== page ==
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Do Consumers Really Benefit from the Federal Paramountcy Doctrine? A Critique of Director of Criminal and Penal Prosecutions v Telus Communications Inc.


On June 11, 2020, the Quebec Superior Court released its judgment in DCPP v Telus, confirming the validity, applicability and — for the most part — operability of many provisions of the Quebec Consumer Protection Act applying to wireless service contracts. However, the Court concluded that sections 214.7 and 214.8 of the Consumer Protection Act, which set a limit on the early cancellation fees that may be charged to consumers by wireless service providers, were in conflict with the CRTC Wireless Code for certain types of contracts and therefore inoperative. The analysis in this comment suggests that the Court’s application of the doctrine of federal paramountcy is far from a victory for consumers. This comment begins with an overview of the federal and provincial regulations applying to wireless service providers, and of the framework of division of powers used to determine how these two different sets of rules interact with each other. It then provides a summary of the reasons given by the Court of Quebec and the Quebec Superior Court. Finally, it discusses the Court’s analysis and conclusions, focusing on its application of the federal paramountcy doctrine and its impact on the protection afforded to consumers in their contractual relations with telecommunications carriers. It concludes by explaining how the Court’s solution to resolving conflicts between the federal Wireless Code and the provincial Consumer Protection Act actually deprives consumers of specific procedural benefits and more generous remedies.

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* Doctoral candidate at McGill University Faculty of Law, Vanier Scholar and lawyer at Woods LLP. The author is grateful to her thesis supervisor, Professor Johanne Poirier, and her colleagues Gabriel-Arnaud Berthold and Edward Bechard-Torres for their very helpful comments and suggestions on earlier drafts of this paper. The statements and opinions expressed in this paper represent the views of the author and do not represent the views of Woods LLP.

Constitutionalism and the Genetic Non-Discrimination Act Reference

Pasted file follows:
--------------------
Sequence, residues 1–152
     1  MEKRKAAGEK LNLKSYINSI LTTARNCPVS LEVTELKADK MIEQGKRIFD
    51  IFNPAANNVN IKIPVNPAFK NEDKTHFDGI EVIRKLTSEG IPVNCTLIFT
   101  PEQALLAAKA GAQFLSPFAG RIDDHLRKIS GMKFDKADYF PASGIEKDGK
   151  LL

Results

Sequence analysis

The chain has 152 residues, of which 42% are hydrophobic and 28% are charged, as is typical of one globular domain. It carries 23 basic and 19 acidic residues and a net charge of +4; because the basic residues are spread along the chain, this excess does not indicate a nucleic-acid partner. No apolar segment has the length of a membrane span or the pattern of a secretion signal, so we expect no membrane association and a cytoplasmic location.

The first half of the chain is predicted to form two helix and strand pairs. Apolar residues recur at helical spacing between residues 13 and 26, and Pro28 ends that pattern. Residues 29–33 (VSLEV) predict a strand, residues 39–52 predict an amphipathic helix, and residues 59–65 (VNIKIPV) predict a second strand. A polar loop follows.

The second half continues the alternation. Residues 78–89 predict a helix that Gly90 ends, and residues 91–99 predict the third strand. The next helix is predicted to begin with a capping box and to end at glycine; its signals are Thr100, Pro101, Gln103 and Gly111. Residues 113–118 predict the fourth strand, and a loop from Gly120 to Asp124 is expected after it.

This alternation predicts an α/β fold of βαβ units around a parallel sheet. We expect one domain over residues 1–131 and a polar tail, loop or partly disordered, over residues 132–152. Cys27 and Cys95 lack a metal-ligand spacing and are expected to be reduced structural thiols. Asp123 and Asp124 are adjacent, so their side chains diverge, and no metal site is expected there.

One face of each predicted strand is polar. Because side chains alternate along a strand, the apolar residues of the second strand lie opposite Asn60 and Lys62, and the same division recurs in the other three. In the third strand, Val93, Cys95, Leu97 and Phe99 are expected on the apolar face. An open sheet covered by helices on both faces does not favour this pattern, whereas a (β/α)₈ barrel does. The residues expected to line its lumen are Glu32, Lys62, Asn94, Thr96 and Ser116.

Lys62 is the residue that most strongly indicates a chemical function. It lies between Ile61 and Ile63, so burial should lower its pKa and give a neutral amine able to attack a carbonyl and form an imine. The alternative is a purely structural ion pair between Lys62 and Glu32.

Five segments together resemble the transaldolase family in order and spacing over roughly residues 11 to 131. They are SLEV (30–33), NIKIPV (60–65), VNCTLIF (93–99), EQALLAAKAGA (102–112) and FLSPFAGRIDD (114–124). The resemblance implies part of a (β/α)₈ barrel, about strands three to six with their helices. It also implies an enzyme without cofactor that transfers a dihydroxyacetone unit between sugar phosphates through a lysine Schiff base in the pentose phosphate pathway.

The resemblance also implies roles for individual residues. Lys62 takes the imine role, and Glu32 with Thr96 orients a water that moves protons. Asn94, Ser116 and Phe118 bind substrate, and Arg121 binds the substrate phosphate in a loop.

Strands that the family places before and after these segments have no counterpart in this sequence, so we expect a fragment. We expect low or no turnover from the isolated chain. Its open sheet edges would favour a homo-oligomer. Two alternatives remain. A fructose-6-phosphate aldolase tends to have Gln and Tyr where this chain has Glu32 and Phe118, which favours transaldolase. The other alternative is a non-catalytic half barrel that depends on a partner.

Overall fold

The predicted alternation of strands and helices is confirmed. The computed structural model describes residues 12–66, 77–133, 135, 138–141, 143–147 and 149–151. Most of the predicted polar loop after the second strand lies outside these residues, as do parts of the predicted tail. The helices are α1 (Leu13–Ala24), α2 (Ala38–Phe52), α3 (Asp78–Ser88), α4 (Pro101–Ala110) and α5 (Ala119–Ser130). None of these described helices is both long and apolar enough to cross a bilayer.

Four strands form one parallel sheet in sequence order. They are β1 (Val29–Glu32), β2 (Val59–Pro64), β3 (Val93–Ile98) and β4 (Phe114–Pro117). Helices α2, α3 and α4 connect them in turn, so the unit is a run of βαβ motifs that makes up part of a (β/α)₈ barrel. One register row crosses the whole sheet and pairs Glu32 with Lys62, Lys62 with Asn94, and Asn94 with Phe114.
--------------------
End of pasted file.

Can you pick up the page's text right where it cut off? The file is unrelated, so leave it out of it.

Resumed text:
In the July 10, 2020 decision in Reference re Genetic Non-Discrimination Act (GNDA Reference),1 the Supreme Court of Canada arrived at a complex three-to-two-to-four outcome, with a slim five-justice majority in two separate judgments upholding challenged portions of the federal Genetic Non-Discrimination Act (GNDA)2 as a valid exercise of Parliament’s criminal law power. The legislation, which some thought fundamentally oriented to the goal of preventing genetic discrimination, seemed to have attractive policy objectives, though we will ultimately suggest that the form of the legislation was not entirely in keeping with these aims. While it may have appeared pragmatically attractive to uphold the legislation, we suggest that the majority’s decision to do so comes at great cost to basic federalism principles, to legal predict-ability, and to prospects for well-informed intergovernmental cooperation. We argue that the courts must properly confine the effects of the GNDA Reference in accordance with established principles on the treatment of fragmented judicial opinions. We also argue that the courts must take significant steps to ensure that federalism jurisprudence remains well-grounded in legal principle, without the actual or apparent influence of extra-legal policy considerations.

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*BA, MSc, JD, Member of the Ontario bar. Research Associate, University of Saskatchewan College of Law (September 2020 to December 2020 term).
**BA, JD, BCL, MPhil, DPhil, Member of the Ontario and Saskatchewan bars. Professor of Law & Canada Research Chair in Indigenous Rights in Constitutional and International Law, University of Saskatchewan College of Law. We are grateful for insightful comments on a draft version from Michelle Biddulph, Noura Karazivan, Jean Leclair, Carissima Mathen, Mitch McAdam QC, and Han-Ru Zhou. We also thank Richard Mailey for his helpful editorial suggestions.
[1] 2020 SCC 17 [GNDA Reference].
[2] SC 2017, c 3 [GNDA].

Volume 24.2 (2019-2020)

The Review is a subscriber-based print journal. Articles are available through HeinOnline and EBSCO. They will be available in open access on this website as of July 2021 – one year from date of publication.

Table of Contents


Review Essay

Volume 24.2 (2019-2020)

The Review is a subscriber-based print journal. Articles are available through HeinOnline and EBSCO. They will be available in open access on this website as of July 2021 – one year from date of publication.

Table of Contents


Review Essay

The 2018 Toronto Municipal Election: Judicial Failure to Protect the Structure of the Canadian Constitution